Monday, 4 June 2012

So you're starting to play a ukulele? Three sets of chords to really get you going quickly!

I've seen some pretty good websites with great tips on how to start to learn to play a ukulele. Okay, an ukulele if you like. But having just given one as a gift to a complete beginner, I thought I'd share my views on learning to play with you.

You want to play because you want to play song accompaniments, for starters, yes? Ok.

Set of Chords 1 - C, G7, F

Learn just 2 chords and you'll be started. There are quite a few songs that you can play using just two chords!

I don't have the means to show you how to finger chords on this blog - there are plenty of websites where you can learn that, and one of my favourites is (ukulelemike) Mike Lynch's website, His first beginners' page with chord shapes is right here.

Another very good one is Here's the page for C, G7 and F

The key of C is the easiest key to play in to start off with, because the home chord C needs only one finger on one string on the fingerboard.

So learn the C chord, using your ring finger (3rd finger) in the space just before the third fret, bottom string (A string).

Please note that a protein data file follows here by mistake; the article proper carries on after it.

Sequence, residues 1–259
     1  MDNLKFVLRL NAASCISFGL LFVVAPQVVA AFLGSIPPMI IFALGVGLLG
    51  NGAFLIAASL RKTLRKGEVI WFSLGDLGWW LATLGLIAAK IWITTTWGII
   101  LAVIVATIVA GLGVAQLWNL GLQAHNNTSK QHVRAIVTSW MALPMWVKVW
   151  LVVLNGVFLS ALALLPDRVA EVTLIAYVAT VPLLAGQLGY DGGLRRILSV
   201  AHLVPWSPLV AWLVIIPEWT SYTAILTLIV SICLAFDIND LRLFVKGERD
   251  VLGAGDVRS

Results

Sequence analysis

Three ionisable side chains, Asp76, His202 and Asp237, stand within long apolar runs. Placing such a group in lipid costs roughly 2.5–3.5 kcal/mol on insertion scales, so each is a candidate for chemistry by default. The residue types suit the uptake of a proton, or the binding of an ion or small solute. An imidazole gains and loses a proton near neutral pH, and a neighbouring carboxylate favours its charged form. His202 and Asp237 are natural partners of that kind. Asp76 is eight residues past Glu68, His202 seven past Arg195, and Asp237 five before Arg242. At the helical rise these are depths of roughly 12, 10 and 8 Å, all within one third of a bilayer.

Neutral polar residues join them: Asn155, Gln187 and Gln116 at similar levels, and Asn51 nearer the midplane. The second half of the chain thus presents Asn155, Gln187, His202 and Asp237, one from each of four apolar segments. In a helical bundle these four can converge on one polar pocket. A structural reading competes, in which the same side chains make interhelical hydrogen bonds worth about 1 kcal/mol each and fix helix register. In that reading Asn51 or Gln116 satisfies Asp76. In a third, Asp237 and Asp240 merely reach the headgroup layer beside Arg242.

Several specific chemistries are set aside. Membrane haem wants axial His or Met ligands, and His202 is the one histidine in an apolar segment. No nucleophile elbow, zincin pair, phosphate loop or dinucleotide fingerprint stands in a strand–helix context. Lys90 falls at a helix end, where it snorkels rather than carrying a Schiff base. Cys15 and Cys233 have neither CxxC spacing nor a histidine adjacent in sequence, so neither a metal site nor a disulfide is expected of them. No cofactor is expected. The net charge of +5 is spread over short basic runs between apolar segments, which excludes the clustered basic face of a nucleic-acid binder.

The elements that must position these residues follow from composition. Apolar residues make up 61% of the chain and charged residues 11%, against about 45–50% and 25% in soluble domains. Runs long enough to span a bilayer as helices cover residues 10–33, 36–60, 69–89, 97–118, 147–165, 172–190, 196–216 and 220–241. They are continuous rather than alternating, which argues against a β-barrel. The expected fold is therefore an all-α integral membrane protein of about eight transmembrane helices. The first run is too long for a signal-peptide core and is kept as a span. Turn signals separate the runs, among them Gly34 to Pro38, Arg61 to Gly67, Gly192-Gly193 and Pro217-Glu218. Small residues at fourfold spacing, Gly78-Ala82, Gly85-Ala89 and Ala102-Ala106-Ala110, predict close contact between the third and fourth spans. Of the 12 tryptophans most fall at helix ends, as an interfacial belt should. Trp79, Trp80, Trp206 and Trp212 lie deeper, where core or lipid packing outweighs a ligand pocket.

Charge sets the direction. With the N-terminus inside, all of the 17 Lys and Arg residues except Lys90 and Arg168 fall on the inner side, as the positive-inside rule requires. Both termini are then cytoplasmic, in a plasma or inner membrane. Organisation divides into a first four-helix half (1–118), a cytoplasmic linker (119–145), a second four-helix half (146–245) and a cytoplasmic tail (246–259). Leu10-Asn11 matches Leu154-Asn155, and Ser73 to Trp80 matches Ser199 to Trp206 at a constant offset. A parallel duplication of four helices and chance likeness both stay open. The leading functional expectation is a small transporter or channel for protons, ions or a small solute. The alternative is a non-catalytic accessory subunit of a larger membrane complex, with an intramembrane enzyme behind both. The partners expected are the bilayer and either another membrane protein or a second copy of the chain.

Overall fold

Then learn the chord G7.

Slide that ring finger down to just behind the second fret and put your first finger at the first fret, next string (E string); middle finger to the third fret, the next string (C string).

Practise playing those two chords and changing smoothly between them.
It all feels awkward and tricky at first but that soon goes with a bit of practice and you'll be away!

Now you can play "Dance the Night Away" and "Cockles and Mussels"!

Start with C, and your ear should tell you when C no longer sounds right, and you need to change to G7. And so on.

If you are of a certain age, you'll remember "The Banana Boat Song"; popular on the radio.
"Day-oh, day-oh! Daylight come and I wanna go home!"
Another 2 chord song, easy to sing and play using C and G7.

The next chord to learn is F.

From G7, leave your first finger in place and move your second finger over to the 2nd fret, top string. (G string).

Practise changing between these three chords; they belong together.

There are loads of songs you can do with just three chords! I'll make a list on another page.

So - the key of C, three chords - C (home chord) G7, F

C, G7, F

Set of Chords 2 - Am, Dm, C7

The 2nd set of chords to learn to enrich your playing and greatly increase your repertoire is

Am, Dm, C7

Adding these chords gives you some common chord progressions, which sound just great and are used in many songs.

One such chord progression is C, Am, F, G7 - repeat.

Also C, Am, Dm, G7

Practise changing through these progressions.

Set of Chords 3 - D7, E7, A7

Your 3rd set of chords to learn is D7 (both fingerings), E7, A7.

With these nine chords under your belt, you'll be well on your way.

In my next few posts, I'll list some songs, using 1st set, incorporating 2nd set, then incorporating 3rd sets of chords.

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HI! I hope you enjoy this blog and I'd love to hear your comments! But I know you'll forgive me if I read them over before I click the "publish" button! Thanks!